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Copayments, coinsurance and deductibles

Q: Why is it so important to collect the copayment at the time of service?

A:  For the most part, the OIG Special Fraud Alerts have been reserved  for national trends in health care fraud and have addressed potential  violations of the Medicare and State healthcare programs' anti-kickback statute. The Special Fraud Alerts have addressed the following  topic areas that could violate the anti-kickback statute:

    • Joint venture arrangements;
    • Routine waiver of Medicare Part B copayments and deductibles;
    • Hospital incentives to referring physicians;
    • Prescription drug marketing practices;
    • Arrangements for the provision of clinical laboratory
      services.

Routine waiver of deductibles and copayments by charge-based providers, practitioners or suppliers is unlawful because it results in:

  1. false claims,
  2. violations of the anti-kickback statute, and
  3. excessive utilization of items and services paid for by  Medicare.

There are potential legal ramifications for those who waive copayments, coinsurance and deductibles on a regular basis. Commercial insurance providers have contracts (i.e., legally binding agreements) to provide health insurance to employers and employees—and now, under the Affordable Care Act, to individuals as well. The health insurance contract establishes mutually agreed-upon deductible and copayment amounts for both in-network and out-of-network providers. Because this is a contract—which, again, is a legally binding agreement with an employer or individual—if a provider comes along and decides to unilaterally waive patient deductibles and copays, then the provider is reducing the covered person’s contractual financial obligation. By waiving deductibles and copays, the provider is interfering with the employer’s and/or individual’s contract with the insurance carrier—and that puts the provider at risk of being sued for damages.

Establish a procedure patients must use to demonstrate a financial hardship, and document it. Also, make sure the patient signs an acknowledgment that he or she has a financial hardship. Even if a patient can demonstrate a financial hardship, you don’t necessarily have to waive it in full. In other words, you’re free to negotiate. Ask the patient, “What can you afford to pay each visit?”

Copayments and Payer Payments

Note the paid amount by the payer versus the copayment due by the patient.
From a business management perspective. Look at the two payments below. What can you determine from the examples of payer payment versus copayment due?

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What is Capitation?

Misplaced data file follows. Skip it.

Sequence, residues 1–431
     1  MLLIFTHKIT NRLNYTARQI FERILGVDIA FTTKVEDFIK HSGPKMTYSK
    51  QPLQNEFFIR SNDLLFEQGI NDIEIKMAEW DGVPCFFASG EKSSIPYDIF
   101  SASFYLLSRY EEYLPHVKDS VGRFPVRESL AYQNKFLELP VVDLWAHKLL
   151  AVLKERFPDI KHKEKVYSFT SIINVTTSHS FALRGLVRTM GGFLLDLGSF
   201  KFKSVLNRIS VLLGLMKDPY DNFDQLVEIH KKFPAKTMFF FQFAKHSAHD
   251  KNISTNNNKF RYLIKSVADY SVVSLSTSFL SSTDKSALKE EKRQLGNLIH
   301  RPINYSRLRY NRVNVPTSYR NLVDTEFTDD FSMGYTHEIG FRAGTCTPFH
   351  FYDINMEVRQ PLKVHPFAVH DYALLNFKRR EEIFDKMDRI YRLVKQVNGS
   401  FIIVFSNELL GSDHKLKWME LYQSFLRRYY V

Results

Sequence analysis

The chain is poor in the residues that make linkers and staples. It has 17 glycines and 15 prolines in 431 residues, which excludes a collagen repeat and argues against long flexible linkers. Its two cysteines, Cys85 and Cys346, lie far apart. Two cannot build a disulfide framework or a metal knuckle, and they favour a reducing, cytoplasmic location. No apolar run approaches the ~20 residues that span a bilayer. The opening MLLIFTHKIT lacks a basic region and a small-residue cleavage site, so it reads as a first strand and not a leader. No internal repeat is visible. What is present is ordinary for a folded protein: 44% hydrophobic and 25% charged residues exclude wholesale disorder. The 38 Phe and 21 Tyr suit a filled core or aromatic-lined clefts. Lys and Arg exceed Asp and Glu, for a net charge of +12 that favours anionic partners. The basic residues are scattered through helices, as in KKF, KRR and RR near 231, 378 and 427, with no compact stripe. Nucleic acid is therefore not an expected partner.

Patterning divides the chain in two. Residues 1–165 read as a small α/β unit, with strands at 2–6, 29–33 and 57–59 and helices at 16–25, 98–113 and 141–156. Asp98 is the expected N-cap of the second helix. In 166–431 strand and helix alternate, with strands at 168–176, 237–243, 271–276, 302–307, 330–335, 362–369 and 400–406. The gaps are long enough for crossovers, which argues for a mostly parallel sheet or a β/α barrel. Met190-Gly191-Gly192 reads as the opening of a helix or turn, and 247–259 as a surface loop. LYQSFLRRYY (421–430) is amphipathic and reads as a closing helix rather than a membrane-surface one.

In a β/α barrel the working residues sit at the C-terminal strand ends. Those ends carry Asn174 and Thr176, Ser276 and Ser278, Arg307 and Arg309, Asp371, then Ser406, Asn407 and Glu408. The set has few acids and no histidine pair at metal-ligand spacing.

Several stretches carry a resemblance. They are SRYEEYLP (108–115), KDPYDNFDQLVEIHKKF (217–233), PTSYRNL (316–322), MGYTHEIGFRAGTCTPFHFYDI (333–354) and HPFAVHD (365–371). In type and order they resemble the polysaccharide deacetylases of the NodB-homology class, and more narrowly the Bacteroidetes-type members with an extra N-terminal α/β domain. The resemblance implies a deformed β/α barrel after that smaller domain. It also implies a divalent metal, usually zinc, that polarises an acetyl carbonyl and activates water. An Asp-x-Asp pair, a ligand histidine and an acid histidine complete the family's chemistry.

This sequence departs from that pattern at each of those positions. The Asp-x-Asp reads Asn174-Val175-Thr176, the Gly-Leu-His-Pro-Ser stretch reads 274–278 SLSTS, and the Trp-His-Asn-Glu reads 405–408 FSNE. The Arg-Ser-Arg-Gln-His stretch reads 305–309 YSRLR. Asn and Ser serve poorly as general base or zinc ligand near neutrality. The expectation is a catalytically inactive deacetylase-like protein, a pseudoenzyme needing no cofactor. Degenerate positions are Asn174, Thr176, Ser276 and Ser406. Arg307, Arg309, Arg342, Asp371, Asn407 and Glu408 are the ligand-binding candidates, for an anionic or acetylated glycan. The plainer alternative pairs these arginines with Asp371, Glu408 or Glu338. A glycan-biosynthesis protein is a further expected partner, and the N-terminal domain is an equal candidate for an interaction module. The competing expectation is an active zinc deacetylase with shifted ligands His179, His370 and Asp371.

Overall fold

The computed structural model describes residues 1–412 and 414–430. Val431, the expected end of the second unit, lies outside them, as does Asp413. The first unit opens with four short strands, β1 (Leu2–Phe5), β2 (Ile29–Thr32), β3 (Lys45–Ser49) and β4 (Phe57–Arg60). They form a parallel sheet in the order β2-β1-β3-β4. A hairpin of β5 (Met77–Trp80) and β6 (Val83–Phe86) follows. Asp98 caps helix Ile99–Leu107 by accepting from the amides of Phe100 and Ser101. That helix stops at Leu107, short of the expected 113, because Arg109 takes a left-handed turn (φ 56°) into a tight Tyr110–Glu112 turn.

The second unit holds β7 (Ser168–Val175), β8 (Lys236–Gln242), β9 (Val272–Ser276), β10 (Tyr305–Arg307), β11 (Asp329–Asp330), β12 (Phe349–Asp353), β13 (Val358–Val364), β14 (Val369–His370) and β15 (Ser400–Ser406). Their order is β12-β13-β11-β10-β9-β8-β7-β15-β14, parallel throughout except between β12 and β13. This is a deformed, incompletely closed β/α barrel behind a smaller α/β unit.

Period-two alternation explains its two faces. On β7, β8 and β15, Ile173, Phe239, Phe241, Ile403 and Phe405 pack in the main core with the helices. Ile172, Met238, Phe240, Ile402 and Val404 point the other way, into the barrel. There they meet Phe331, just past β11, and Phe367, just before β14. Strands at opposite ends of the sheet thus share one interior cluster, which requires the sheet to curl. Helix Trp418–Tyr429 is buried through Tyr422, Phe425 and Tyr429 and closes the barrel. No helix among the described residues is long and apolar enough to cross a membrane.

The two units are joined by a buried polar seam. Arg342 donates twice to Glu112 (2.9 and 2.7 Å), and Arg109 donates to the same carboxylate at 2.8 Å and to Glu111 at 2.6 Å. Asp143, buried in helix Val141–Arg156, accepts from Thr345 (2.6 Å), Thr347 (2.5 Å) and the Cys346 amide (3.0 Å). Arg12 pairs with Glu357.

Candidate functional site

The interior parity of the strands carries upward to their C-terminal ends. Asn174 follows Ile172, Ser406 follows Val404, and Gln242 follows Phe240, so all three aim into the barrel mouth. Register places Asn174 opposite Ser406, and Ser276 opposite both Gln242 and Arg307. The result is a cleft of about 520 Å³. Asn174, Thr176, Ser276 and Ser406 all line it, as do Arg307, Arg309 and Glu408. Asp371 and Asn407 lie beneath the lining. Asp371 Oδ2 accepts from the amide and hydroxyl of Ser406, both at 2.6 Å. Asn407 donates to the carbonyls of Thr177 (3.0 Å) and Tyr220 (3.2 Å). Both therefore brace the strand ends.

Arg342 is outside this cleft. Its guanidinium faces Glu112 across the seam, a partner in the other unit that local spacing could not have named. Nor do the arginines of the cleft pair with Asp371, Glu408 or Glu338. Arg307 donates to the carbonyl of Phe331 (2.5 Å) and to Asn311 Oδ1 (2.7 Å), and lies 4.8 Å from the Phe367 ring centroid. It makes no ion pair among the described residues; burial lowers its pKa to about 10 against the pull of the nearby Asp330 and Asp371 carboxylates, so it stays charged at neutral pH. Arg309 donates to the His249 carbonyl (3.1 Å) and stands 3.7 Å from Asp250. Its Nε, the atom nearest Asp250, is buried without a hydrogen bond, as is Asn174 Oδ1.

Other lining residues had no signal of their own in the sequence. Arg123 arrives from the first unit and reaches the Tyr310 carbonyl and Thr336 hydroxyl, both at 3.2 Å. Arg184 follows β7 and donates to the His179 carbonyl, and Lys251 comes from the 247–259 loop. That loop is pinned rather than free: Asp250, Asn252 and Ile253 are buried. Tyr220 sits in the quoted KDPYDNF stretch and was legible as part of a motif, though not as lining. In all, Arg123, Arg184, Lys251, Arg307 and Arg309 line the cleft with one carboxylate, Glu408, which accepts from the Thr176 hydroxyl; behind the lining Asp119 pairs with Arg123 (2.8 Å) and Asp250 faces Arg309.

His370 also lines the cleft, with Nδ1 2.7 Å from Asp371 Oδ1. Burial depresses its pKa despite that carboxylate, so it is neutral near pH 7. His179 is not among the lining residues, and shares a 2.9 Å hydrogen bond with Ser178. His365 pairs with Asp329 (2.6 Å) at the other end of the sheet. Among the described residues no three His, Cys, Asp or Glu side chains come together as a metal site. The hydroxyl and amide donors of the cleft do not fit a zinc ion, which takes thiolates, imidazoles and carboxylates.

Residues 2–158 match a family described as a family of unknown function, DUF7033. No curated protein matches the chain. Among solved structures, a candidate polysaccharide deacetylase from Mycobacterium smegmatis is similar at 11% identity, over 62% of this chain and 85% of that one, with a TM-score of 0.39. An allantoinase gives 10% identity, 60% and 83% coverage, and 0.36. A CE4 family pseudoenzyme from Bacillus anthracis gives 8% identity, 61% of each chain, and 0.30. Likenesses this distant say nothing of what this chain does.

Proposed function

Capitation payments are used by managed care organizations to control health care costs. Capitation payments control use of health care resources by putting the physician at financial risk for services provided to patients. Capitation is a fixed amount of money per patient per unit of time paid in advance to the physician for the delivery of health care services.

Capitation is a fixed amount of money per patient per unit of time paid in advance to the physician for the delivery of health care services. The actual amount of money paid is determined by the range of services that are provided, the number of patients involved, and the period of time during which the services are provided.

Capitation rates are developed using local costs and average utilization of services and therefore can vary from one region of the country to another.

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So what is a capitated payer system?

Capitation refers to a form of a healthcare payment system.

In a capitation model, a healthcare provider or individual hospital is paid by the insurer (or other payer) a fixed amount per patient during a given period of time.

If a provider sees 30 patients in 2015 each month with an insurance carrier and the average reimbursement per visit is $80.00, the provider will earn $2400.00 per month from the payer the following year (2016). Instead of receiving payment “per patient” he or she receives one check for $2400.00.

After one calendar year, the payer will assess how many patients were actually seen and adjust the capitated amount for the following year. If the provider only billed out $2000 instead of $2400, he can keep the extra money ($400) each month. If the provider sees 40 patients during the month at $80 per patient he should receive $3200 but he will not. He will still only receive the $2400